Do's and don'ts of fantasy drafting
Fantasy owners should focus on drafting blue-chip talent in first five rounds
There are surprisingly few top-flight closers available in fantasy drafts
Players should be careful to minimize offensive holes throughout lineup
Fantasy football is wildly popular because it's a) easy to manage, taking only a half hour of your time each week to get up to speed on the previous week; and b) totally inclusive, inviting players of all levels; and c) transient and completely matchup-based. Far less popular, fantasy baseball is a much more intimate undertaking. With games played nearly every day for six months, you develop a "relationship" with the players on your team, making it even more important to be comfortable with those you draft. To ensure you'll enjoy your team all summer while finding fantasy peace of mind, I've cobbled together a list of Eight Do's and Don'ts that can be applied to all types of leagues, whether they're one league or mixed, head-to-head or rotisserie style. Get familiar with them going into your draft and you should come out in great shape for 2010.
1. Do ... Draft only blue chip players early. You can't afford to make a bad pick in the first five rounds when the game's best players are flying off the board. Too many fantasy owners want to show off what they know by over-reaching for what I like to call "boutique" players. A prime example last year was Josh Hamilton. Coming off a magical first season in Texas, he shot to the top of draft boards and was a very popular selection in the first or second round. While wildly talented, he's a proven injury risk, and with new off-field questions that arose during the season, he remains a bit of a question this year. You're much better off taking someone who has consistently produced year-in and year out, such as Prince Fielder or Mark Teixeira, in the first few rounds than someone who has questions surrounding them. The word "hope" should never be contained in the rationale for picking someone this early. Top picks and biggest investments have to be slam dunks, sure things.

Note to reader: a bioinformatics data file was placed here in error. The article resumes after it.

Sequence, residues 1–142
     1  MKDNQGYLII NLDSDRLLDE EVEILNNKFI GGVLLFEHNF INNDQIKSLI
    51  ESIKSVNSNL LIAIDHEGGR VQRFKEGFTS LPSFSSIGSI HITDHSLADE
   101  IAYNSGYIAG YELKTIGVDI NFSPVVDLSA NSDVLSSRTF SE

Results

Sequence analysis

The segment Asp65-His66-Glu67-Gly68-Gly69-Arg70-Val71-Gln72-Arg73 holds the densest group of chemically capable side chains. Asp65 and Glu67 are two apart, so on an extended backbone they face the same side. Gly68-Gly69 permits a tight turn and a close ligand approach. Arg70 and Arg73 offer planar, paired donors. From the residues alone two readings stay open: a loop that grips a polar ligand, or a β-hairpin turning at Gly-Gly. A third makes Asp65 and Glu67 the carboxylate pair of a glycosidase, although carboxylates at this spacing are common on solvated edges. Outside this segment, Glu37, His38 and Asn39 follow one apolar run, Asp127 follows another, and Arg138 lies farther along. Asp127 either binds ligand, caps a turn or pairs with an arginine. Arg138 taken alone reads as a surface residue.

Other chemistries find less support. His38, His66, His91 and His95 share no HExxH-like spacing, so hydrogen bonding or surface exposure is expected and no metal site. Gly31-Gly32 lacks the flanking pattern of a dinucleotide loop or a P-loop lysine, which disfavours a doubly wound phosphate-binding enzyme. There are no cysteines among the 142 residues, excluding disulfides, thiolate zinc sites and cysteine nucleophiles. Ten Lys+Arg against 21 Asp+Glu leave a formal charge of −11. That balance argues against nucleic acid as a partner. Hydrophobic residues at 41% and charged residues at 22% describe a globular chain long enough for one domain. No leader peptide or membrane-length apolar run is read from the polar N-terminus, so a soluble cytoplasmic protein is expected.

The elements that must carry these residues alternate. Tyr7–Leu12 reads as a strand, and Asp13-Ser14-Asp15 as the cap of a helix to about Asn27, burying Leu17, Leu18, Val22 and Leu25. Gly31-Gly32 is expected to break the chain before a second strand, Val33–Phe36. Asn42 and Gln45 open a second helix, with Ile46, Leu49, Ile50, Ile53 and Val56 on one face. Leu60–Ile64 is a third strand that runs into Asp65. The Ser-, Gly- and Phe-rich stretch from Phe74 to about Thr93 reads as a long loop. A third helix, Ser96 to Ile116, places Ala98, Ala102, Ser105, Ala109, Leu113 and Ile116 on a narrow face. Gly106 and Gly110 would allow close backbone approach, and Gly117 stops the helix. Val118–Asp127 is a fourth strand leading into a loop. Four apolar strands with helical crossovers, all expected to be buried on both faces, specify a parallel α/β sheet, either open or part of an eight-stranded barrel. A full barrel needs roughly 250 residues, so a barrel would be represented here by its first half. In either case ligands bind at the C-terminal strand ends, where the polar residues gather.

2. Don't ... Pick starting pitchers who either too young or two old. Drafting youngsters is fine in keeper leagues, but in redraft leagues it's great practice to identify and then draft pitchers who are in their mid to late 20s. In the post-PED era you're not going to see as many players, regardless of position, stick around into their late 30s. Only one major league pitcher, Derek Lowe, won 15 games at 35 or older last season. But 14 pitchers aged 25 to 29 won at least 15 games, including previously unlikely candidate Scott Feldman, while another six were aged 30 to 34. Only one 15-game winner, Felix Hernandez, was under 25, and even he was in his fifth big league season. Some candidates who are entering their prime and come highly recommended include Chad Billingsley, Matt Cain, Jair Jurrjens, and Jeff Niemann.
3. Do ... Make sure you get a quality closer, and by quality I mean one of the best. Even if you have to draft them a little early, it's worth it to get closers who you can count on. Every year over half of the late-inning stoppers are replaced at some time,mainly due to ineffectiveness. A few, however, are iron-clad sure things. Last year 14 pitchers earned at least 35 saves. But over the last two years only 10 have averaged at least 35 saves per year. Over three years that drops to seven and over the last four years it's six. These six are the sure things. And two of them are 40-year old freak of nature Mariano Rivera and the declining all-time saves leader Trevor Hoffman. So that leaves Francisco Rodriguez, Joe Nathan, Jonathan Papelbon and Bobby Jenks as the industry standards. Make sure you come away with at least one of them.